Roman Catholic schools have often been praised for producing high-achieving 11 and 16-year-olds. But what is less well known is that their A-level results are relatively disappointing, writes David Budge.
Statistics produced by the Catholic Education Service suggest that sixth-formers in just over half of the Catholic secondaries in England and Wales have been failing to match national and local A-level points-score averages.
In a sense, the problem is not new. Back in the 1880s it was acknowledged that although younger Catholic school pupils outscored Board school children in reading, writing and arithmetic, they lost the academic lead as they moved into the senior classes.
The phenomenon was also discussed in the 1960s when it was found that Catholic eight-year-olds in inner London had a higher reading score than Church of England pupils but were not capitalising on this early superiority when they went on to secondary school.
The recent plaudits heaped on Catholic secondaries by the Office for Standards in Education may have implied the problem had been remedied. But Dr Andrew Morris, a leading Catholic academic, has pointed out that analyses of the Office for Standards in Education and diocesan inspection reports suggest that A-level standards are less satisfactory.
Dr Morris, secretary to the diocesan schools commission for the Catholic archdiocese of Birmingham, admits the inconsistency between GCSE and A-level is puzzling. But he suggests four possible causes in the latest issue of Educational Studies.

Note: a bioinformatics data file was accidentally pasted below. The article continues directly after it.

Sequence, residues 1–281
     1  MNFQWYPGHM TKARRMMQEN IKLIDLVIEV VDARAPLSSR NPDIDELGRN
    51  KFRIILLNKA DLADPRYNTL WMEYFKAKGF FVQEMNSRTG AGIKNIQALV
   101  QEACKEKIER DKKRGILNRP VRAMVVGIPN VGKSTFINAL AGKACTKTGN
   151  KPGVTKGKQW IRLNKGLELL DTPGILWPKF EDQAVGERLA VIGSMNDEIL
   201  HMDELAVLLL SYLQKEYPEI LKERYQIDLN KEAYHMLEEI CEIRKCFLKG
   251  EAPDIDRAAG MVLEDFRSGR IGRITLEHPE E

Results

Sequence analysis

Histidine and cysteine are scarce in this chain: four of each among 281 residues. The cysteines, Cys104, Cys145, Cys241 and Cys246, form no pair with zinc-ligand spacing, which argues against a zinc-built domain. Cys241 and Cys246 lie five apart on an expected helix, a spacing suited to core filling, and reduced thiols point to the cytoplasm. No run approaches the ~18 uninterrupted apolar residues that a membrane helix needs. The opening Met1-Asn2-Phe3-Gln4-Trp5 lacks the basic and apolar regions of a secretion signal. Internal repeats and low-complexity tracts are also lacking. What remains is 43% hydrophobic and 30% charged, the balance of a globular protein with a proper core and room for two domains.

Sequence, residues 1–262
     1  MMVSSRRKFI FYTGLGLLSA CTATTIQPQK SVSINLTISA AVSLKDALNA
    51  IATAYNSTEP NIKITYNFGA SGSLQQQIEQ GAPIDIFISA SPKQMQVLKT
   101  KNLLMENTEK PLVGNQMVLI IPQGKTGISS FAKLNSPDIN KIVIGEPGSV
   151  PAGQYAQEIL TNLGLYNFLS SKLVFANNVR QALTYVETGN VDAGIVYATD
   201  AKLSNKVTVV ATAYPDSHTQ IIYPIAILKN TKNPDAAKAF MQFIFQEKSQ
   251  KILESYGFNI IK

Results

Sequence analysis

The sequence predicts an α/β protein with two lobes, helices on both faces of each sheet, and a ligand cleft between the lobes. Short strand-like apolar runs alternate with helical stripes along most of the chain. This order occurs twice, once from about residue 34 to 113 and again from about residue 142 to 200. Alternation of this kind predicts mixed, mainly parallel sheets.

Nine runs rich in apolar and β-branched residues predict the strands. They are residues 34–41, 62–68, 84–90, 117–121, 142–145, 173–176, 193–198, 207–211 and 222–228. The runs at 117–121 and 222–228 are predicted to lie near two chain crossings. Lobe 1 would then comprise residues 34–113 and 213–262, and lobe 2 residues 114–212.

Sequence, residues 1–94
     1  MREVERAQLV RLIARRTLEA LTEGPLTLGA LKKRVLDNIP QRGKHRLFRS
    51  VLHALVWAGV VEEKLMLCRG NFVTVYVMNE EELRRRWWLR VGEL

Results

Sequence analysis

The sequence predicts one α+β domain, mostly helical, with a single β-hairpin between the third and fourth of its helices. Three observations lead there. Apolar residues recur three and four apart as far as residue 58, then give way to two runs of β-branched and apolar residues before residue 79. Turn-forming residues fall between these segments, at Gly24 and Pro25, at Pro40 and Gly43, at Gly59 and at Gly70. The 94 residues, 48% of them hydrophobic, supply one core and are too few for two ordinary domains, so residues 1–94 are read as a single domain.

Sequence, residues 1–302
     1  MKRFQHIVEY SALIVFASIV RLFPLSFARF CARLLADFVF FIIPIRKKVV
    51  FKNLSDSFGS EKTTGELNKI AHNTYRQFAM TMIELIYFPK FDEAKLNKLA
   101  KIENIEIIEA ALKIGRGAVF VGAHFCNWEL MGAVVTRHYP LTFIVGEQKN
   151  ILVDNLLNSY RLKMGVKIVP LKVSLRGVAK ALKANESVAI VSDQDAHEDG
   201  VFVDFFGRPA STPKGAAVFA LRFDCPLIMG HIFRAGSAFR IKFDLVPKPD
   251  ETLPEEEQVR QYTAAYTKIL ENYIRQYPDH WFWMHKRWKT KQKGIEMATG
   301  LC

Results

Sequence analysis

1) If it is the case that positive religious attitudes reinforce positive attitudes to schoolwork, the fact that Catholic teenagers appear to become less religious as they progress through secondary school may have a negative effect on their learning.
2) The more formal teaching approach and "custodial ethos" of Catholic schools may suit younger children but be much less appropriate for meeting the more open-ended demands of A-level courses and engaging the enquiring minds of young adults.
3) Many Catholics are working class and so may have more negative attitudes towards post-16 education.
4) In some parts of the country, such as Birmingham, Catholic sixth-forms are attracting many non-Catholic children who have transferred from non-denominational schools.
Dr Morris accepts that his suppositions are open to challenge and calls for large-scale research on this subject. "If the research is not carried out the position cannot be clarified and future planning for Catholic educational provision and the best teaching methods could be built on little more than gut feelings," he says.
"So far, so good: levels of academic achievement in Catholic schools", by Andrew Morris, Educational Studies, Vol. 24, No.1, published by Carfax, PO Box 25, Abingdon, Oxfordshire. Dr Morris can be contacted at the Archdiocese of Birmingham, Diocesan Schools Commission, 89 St Bernards Road, Olton, Solihull, West Midlands.